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7 Pieces of Office Furniture to Avoid Specifying for Your Clients

Posted on Oct 4, 2016, by Mike Brown

Changing and emerging office trends means that there’s always a hot, new piece of office furniture being touted as a must-have accessory for all workplaces. Some of these new furniture ideas will truly make a positive difference to the way we work, but many of them are simply passing trends that offer no real health or productivity benefits, despite their impressive claims.

Today I’m looking at 7 pieces of office furniture that have achieved varying levels of popularity, but which you should avoid specifying for your clients.


1) Treadmill Desks

The treadmill desk is touted as the cure-all for the health problems caused by the many hours (more than 5 a day) we spend seated at work. The idea is that you can set it at a low speed and walk at a gentle pace while performing routine work tasks – such as sending emails or making phone calls.

While in theory this is a great idea, in practice it’s less practical: trying to do even something as simple as replying to an email becomes much more difficult while you’re moving, so your productivity levels suffer as a result. Additionally, treadmill desks take up a huge amount of space, so workers may end up in the position where that’s the only desk available to them that day, meaning they’re unable to sit down for tasks that require greater concentration levels.

2) Standing Desks

Standing desks are another way furniture designers are trying to combat the sitting epidemic. But with a standing desk you swap out sitting all day for standing all day. This runs the risk of injury as your muscles won’t be used to the strain.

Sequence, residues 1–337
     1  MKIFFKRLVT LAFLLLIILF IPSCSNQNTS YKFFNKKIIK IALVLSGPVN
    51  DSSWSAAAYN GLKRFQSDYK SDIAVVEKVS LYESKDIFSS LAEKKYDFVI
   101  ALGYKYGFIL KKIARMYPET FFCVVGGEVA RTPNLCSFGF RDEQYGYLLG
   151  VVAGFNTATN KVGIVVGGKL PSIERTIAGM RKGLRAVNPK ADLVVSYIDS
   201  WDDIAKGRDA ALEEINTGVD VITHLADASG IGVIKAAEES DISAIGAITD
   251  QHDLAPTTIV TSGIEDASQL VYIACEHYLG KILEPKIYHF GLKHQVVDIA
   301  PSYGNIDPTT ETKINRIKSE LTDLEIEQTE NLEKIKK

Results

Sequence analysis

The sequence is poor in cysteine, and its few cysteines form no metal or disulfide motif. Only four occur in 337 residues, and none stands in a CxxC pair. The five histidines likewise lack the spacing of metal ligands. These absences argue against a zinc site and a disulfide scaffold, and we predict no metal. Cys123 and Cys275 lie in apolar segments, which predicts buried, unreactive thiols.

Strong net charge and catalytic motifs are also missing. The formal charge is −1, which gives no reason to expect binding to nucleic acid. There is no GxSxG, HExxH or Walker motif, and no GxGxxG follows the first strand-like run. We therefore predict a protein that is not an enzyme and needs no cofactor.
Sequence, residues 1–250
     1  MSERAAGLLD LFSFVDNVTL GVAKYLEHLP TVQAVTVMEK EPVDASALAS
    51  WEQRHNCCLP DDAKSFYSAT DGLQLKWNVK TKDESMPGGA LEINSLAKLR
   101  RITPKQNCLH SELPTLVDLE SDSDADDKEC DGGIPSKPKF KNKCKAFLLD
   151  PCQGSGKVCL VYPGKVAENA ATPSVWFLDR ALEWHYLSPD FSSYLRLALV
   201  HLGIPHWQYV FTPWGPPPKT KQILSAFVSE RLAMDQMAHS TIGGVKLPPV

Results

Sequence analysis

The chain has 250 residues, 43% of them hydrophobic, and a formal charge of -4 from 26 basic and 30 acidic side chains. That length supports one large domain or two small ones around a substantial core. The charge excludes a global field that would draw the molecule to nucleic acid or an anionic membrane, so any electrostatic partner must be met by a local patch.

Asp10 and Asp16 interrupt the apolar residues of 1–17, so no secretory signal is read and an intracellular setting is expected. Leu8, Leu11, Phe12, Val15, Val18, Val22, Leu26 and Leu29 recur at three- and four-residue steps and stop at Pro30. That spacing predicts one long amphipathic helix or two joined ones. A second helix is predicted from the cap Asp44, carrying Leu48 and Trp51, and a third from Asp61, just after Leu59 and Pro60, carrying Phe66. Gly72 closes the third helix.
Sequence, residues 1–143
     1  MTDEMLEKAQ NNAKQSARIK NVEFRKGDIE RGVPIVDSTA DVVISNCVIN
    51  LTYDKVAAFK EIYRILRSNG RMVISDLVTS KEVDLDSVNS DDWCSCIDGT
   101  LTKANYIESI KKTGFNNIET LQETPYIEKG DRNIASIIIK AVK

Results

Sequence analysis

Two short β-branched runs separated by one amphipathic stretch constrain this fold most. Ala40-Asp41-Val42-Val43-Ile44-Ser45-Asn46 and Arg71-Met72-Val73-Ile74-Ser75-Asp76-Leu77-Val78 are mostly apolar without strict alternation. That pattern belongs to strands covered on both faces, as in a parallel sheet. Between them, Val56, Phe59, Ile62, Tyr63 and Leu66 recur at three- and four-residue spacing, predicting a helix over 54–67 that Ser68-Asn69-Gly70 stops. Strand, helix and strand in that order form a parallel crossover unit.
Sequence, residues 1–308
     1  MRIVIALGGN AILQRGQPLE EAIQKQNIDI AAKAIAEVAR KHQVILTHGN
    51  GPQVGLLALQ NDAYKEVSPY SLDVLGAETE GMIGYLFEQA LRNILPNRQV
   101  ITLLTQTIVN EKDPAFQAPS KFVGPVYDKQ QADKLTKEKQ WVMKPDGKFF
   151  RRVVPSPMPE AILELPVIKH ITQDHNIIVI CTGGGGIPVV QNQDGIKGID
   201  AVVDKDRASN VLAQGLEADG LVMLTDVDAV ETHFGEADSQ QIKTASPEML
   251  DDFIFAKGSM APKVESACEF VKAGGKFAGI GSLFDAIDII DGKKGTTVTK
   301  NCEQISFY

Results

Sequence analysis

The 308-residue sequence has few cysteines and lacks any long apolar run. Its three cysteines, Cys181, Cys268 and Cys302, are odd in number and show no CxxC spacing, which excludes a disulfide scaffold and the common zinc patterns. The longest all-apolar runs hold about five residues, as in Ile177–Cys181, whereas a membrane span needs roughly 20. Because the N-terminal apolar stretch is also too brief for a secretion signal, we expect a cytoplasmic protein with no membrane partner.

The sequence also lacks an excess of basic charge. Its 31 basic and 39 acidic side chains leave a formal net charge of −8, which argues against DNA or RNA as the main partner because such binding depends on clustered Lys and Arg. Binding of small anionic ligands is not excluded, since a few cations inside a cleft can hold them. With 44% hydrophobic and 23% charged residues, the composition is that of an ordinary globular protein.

The best alternative for a healthier workplace is an adjustable-height desk, designed for sit-to-stand working. These allow employees to transition between sitting and standing throughout the day, and it’s this additional movement that offers the greatest health benefits for them.


3) Beanbags

Beanbags are a popular choice in office breakout spaces, as they are an easy way to create a ‘relaxed’ feel. However, for the majority of companies, beanbags simply don’t fit with their office culture, or the design aesthetic of the rest of their office.

If your client has a ‘startup’ feel, complete with pool table or similar, you can probably get away with specifying beanbags for their breakout space. Otherwise, steer clear.

4) Benches

Bench seating is very popular for companies that have shared desks, as they can accommodate more employees in the same space, compared with individual chairs. However, benches aren’t designed to be sat on for long periods of time – they have no padding and offer no back support, and as such are bad for employee health and wellness.

5) Exercise Balls

Exercise balls are part of the trend of improving employee fitness levels while at work. But much like the treadmill desk, using an exercise ball in place of a conventional chair will be a distraction for the employee (as they try to keep their balance). As such, their productivity will suffer.

Office Accessories

6) Standing Mats

Standing mats are great for standing working, offering underfoot comfort and support. However, they’re obstructive for seated working: you can’t wheel chairs on and off easily, meaning that employees will need to spend time moving their chairs and mats around as they want to change their working posture throughout the day.

If your clients want to implement sit-to-stand working in their office, you should avoid specifying standing mats, as they pose a barrier to the adoption of this new working practice.

7) Cubicles and Opaque Dividers

Natural light has a huge impact on employee wellness and performance. Installing opaque dividers blocks light from travelling through a space, as well as hindering team collaboration and communication.

Open offices don’t work for everyone, so if you are specifying space dividers for your clients, you may want to recommend translucent or transparent dividers, rather than opaque ones, to let natural light travel as far into their office space as possible.


Mike Brown

Written by Mike Brown